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ssp vs. MySQL

1156 words

Yesterday I outlined the main problem I had when moving my MySQL database from one machine to another in a file exported by the database itself: The text encodings were completely broken. The file I saw started as text encoded in UTF-8 encoding, was then misinterpreted as ISO-Latin-1 encoding and then written as UTF-8 encoding again.

When I opened the file again it was misinterpreted as a file in Mac Roman encoding, meaning that I ended up getting four odd characters for something as harmless as an ‘ö’. Now let’s look at this problem from the back. Why the heck was the file opened as Mac Roman rather than UTF-8 when I dragged it to a text editor like TextEdit or SubEthaEdit? Explicitly using the ‘Open…’ command in TextEdit and selecting UTF-8 encoding for the file gave the answer: The file wasn’t in UTF-8 format. And hence, when opening the file without explicit specification of the encoding the text editor took the next best guess… which on the Mac appears to Mac Roman.

That explained what I saw. A line-by-line analysis of the file gave that just a single line in the file caused that problem (fields about plugins), so I figured that wouldn’t matter much anyway. Two resolutions seemed workable for this layer of the problem: (a) read the file in an accepting encoding like MacRoman, split it into lines, drop the line whose bytes aren’t UTF-8, save the file, re-open it as UTF-8. Another way was to import the database dump into the other MySQL server, setting up an old encoding while doing that and then exporting the file as UTF-8 again.

With the first layer of the problem resolved, the remaining one could be tackled. It seemed reasonable to hope that one could just repeat these steps and be happy ever after. Unfortunately we were far beyond happy (or reasonable) at this stage and that just didn’t work. Hence an even closer look was needed. After a bit of trying it appeared as if some of the wrongly encoded characters were using Windows-CP1252 encoding while others were using ISO-Latin-1 encoding.

That doesn’t make a lot of sense and I didn’t check the details to which extent this could be explained by the undefined areas of the respective encodings and/or quirks in Mac OS X’s text encodings - even I have to pick my battles sometimes.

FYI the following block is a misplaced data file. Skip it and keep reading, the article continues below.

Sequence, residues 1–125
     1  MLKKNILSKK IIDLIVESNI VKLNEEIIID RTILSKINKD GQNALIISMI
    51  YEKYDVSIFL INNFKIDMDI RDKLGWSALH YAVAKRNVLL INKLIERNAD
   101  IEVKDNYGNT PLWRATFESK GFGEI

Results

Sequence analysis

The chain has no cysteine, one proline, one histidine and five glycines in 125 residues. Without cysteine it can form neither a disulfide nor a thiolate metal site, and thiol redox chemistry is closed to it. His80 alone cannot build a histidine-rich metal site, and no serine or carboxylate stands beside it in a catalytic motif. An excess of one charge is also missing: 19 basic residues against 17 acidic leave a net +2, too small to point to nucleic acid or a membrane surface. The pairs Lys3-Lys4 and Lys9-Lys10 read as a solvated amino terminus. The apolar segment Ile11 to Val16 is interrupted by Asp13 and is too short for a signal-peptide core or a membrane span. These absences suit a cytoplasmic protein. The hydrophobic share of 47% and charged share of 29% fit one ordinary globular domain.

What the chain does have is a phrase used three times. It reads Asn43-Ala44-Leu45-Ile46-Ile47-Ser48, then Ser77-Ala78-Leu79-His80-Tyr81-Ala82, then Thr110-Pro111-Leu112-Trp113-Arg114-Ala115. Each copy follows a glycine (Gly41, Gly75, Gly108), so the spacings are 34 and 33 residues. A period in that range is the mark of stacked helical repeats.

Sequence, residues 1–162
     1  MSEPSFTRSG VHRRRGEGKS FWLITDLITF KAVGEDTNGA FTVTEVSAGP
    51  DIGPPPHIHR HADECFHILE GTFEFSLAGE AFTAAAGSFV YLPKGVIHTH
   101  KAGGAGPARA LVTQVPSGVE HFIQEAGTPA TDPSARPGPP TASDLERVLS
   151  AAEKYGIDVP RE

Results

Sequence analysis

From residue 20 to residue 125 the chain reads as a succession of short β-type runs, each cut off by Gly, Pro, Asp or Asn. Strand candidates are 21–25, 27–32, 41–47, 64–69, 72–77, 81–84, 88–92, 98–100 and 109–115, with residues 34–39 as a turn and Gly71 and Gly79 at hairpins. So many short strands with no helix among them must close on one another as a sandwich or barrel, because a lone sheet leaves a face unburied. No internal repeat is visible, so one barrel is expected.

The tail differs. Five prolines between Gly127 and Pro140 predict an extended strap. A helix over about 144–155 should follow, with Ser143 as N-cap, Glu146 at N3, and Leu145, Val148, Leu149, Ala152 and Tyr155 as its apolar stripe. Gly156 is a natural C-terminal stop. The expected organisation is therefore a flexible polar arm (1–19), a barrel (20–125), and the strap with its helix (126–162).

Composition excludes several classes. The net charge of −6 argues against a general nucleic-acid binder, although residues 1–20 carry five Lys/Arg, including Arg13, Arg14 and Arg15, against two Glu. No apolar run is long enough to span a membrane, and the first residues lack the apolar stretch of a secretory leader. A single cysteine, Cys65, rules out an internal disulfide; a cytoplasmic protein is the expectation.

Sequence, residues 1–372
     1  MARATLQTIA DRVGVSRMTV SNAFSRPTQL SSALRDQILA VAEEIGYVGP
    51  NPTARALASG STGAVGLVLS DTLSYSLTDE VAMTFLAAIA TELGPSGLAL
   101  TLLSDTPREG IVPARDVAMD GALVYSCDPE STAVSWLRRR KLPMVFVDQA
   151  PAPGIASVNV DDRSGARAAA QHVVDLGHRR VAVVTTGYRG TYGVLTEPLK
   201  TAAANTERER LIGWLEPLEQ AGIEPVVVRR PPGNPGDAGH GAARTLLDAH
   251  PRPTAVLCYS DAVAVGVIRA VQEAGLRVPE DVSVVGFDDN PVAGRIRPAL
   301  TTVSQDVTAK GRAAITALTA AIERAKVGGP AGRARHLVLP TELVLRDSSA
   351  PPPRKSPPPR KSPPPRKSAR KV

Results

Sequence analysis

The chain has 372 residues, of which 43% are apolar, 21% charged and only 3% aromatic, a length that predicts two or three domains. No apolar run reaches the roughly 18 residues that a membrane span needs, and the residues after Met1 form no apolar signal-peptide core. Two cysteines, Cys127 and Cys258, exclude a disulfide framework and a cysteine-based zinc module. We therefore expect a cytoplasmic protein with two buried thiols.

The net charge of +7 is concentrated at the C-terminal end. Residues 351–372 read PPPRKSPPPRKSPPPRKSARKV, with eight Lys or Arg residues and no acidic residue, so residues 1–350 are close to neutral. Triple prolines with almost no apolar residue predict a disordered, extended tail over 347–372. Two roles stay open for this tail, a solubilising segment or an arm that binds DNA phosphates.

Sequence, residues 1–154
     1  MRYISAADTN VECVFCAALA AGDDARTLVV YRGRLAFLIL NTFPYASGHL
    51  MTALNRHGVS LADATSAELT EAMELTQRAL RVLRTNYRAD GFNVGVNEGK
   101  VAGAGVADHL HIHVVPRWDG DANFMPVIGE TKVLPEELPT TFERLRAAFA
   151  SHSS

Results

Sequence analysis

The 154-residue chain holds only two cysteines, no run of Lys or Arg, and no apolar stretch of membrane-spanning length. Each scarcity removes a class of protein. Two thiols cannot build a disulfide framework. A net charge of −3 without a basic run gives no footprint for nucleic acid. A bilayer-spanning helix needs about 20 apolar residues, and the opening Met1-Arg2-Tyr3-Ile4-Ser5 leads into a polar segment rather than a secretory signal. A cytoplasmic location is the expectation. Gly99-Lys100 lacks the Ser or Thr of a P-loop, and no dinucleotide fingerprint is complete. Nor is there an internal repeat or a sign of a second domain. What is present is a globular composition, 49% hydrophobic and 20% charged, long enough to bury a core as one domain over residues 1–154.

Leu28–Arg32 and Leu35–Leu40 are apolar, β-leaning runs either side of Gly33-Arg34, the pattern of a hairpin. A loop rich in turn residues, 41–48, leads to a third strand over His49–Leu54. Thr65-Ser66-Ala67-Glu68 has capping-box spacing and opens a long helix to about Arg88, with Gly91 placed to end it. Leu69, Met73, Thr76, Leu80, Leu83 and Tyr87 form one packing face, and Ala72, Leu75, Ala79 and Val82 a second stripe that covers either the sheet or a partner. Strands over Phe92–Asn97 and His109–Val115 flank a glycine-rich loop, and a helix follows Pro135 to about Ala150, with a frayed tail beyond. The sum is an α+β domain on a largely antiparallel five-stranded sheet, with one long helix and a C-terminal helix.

In case you run into this kind of problem, the following code (X.5 Foundation) may give you a head start once you have a UTF-8 file. I’m pretty sure that it may require modifications for other encoding problems but it helped me a lot. It goes through the text character by character, spots the non-ASCII characters, checks whether they might have been mis-encoded with ISO-Latin-1 or Windows-CP1252 encoding and then heuristically creates an output file with what appears to be the best fixed version we could figure out. Each character and its conversions are logged, so you have an idea about which places you have to look at.

#import <Foundation/Foundation.h>

int main (int argc, const char * argv[]) {

NSData * d = [NSData dataWithContentsOfFile:@"/Users/ssp/Desktop/web28db1.sql"];

NSString * s = [[NSString alloc] initWithData:d encoding:NSUTF8StringEncoding];

NSArray * a = [s componentsSeparatedByString:@"\n"];

NSMutableArray * b = [a mutableCopy];

a = nil;

NSMutableArray * b2 = [NSMutableArray arrayWithCapacity:b.count];

int i = 0;

for (NSString * kl in b) 


NSMutableString * goodString = [NSMutableString stringWithCapacity:kl.length];

BOOL chars = YES;

if (chars) {

NSString * utf8string = kl;

for (int j = 0; j < utf8string.length; j++) {

if ([utf8string characterAtIndex:j] > 127) {

NSString * precontext = [utf8string substringWithRange:NSMakeRange(MAX(0,j-15), 15)];

NSString * wrongstring = @"";

while ([utf8string characterAtIndex:j] > 127) {

wrongstring =  [wrongstring stringByAppendingString:[utf8string substringWithRange:NSMakeRange(j, 1)]];




NSString * postcontext = [utf8string substringWithRange:NSMakeRange(j+1, MIN(15, utf8string.length - j - 1))];